Did you grow up reading Dr. Seuss? If you’re like most kids in America, the answer is, “of course.” Dr. Seuss, or Theodore Geisel (his real name), is often one of the first authors that many people ever read. And his simple rhymes and whimsical illustrations have delighted children for generations. But there’s a lot about Dr. Seuss that you probably don’t know. For instance, did you know that Dr. Seuss never had kids of his own, and might not have actually liked children very much? And if you’ve ever been called a “nerd,” you can thank Dr. Seuss, who first popularized the word in one of his books.
And here’s a fact you probably didn’t know about Dr. Seuss: one of his books was definitely not intended for kids. In fact, The Seven Lady Godivas was one of the only books that Dr. Seuss wrote with adults in mind. And you can tell who the target audience was because it’s filled with drawings of naked women, all in Dr. Seuss’ signature style. And in many ways, this R-rated work actually played a major role in his later decision to focus on children’s books. So, how did a book of sexy drawings convince Seuss to write for kids? Let’s find out.
Theodore Geisel was born in 1904 in Massachusetts. Though he was always a gifted artist, he doesn’t seem to have imagined a life illustrating children’s books at first. His first work as an illustrator and writer came at Dartmouth College, where he edited the college’s humor magazine. After he and some friends were caught drinking in the dorms, he was banned from writing for the magazine. So, Geisel began secretly publishing his work in the magazine under the name “Dr. Seuss.” After leaving Dartmouth, Geisel moved to England where he had dreams of becoming a college professor.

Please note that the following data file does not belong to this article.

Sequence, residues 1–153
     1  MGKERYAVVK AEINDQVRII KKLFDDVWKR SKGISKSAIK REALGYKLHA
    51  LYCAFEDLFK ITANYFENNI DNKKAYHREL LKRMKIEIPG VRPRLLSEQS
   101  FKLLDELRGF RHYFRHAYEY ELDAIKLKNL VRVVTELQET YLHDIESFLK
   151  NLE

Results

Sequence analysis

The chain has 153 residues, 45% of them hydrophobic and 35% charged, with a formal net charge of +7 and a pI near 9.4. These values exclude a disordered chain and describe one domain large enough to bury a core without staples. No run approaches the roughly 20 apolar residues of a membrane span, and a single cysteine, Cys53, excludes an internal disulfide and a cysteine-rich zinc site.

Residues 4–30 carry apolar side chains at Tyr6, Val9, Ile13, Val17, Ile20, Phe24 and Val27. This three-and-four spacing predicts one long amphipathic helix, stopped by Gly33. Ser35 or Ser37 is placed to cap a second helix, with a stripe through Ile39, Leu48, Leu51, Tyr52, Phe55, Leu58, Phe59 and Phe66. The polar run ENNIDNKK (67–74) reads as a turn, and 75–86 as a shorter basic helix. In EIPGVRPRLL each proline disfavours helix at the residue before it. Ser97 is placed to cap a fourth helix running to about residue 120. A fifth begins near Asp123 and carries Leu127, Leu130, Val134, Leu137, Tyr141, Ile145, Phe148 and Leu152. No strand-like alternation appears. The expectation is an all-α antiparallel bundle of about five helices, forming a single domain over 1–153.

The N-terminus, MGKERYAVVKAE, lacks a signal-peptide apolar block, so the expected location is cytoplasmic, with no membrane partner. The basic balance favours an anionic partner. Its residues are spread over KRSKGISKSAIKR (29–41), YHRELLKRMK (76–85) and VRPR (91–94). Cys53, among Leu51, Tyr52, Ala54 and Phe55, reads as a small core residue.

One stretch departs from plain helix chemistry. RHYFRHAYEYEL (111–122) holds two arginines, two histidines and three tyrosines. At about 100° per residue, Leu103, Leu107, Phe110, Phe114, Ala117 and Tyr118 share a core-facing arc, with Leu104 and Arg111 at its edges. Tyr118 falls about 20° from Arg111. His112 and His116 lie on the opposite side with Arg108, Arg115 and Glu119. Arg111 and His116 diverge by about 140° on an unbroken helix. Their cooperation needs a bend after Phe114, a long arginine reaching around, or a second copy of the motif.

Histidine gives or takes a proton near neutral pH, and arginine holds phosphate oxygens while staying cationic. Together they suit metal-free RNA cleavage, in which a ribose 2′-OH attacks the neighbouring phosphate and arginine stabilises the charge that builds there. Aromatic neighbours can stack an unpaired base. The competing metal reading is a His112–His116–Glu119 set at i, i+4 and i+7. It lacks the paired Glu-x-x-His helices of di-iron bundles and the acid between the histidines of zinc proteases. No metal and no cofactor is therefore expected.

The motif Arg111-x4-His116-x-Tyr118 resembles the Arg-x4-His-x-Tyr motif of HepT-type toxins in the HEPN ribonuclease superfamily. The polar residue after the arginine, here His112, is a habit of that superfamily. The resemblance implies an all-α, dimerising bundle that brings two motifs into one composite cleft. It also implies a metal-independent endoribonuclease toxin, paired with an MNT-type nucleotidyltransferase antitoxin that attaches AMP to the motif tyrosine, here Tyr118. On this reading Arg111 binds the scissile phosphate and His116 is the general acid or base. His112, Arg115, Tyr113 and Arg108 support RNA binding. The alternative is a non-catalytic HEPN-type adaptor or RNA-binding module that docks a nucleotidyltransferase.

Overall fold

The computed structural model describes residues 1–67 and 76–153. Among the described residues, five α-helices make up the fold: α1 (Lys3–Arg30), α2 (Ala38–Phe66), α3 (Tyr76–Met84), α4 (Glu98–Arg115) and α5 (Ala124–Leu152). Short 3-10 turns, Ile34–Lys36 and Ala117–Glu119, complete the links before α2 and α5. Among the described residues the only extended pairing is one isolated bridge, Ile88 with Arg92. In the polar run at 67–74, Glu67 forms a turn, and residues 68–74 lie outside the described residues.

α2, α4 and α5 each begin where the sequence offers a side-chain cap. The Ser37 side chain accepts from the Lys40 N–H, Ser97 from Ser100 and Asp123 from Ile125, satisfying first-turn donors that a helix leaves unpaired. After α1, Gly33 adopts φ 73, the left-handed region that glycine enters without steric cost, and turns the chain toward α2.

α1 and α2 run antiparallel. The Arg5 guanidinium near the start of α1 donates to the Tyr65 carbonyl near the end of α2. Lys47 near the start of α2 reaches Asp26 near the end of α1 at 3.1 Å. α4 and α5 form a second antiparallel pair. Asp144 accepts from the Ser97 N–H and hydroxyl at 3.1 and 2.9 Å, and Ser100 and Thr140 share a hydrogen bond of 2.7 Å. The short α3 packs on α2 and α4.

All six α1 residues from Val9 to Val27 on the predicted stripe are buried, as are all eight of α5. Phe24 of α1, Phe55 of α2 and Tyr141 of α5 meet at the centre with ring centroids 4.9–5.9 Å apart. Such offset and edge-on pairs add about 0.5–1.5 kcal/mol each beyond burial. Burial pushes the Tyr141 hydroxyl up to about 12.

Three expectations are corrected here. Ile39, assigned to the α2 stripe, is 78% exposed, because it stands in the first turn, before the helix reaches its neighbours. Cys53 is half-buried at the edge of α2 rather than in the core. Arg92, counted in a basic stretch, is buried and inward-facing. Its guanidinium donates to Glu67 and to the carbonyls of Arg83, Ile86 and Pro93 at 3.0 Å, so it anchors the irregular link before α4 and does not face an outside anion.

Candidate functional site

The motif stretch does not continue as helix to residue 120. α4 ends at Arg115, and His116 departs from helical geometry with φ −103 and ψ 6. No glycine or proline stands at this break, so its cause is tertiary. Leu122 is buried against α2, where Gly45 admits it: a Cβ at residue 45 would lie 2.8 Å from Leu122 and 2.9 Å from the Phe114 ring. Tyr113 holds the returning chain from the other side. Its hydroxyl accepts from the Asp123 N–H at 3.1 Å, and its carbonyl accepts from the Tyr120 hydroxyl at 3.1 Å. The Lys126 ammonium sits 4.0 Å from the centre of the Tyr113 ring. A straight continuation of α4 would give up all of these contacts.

When that didn’t work out, he returned to the U.S. and began submitting drawings to advertising agencies and drawing cartoons for newspapers. Geisel first got the chance to do something else when a publisher asked him to illustrate a children’s story collection called The Pocket Book of Boners. This book didn’t sell very well, but it did give Geisel the chance to start working on other children’s books. In 1937, Geisel wrote and illustrated hist own book called And to Think I Saw It On Mulberry Street. This book received 27 rejections before finally being published. And while this book didn’t sell well, his next two books for children did much better.
However, Seuss still wanted to write books for adults. And in 1939, he finally got the chance to publish an illustrated book for grown-ups. The way Seuss imagined it, the book was going to be a humorous – and sexy- retelling of the story of Lady Godiva. But Seuss wasn’t confident that it would sell well. He even included a drawing of a bucket of maple sap with his publisher’s name on it in the manuscript. The message was that he was a sap for publishing it. But publish it he did, and The Seven Lady Godivas: The True Facts Concerning History’s Barest Family was born.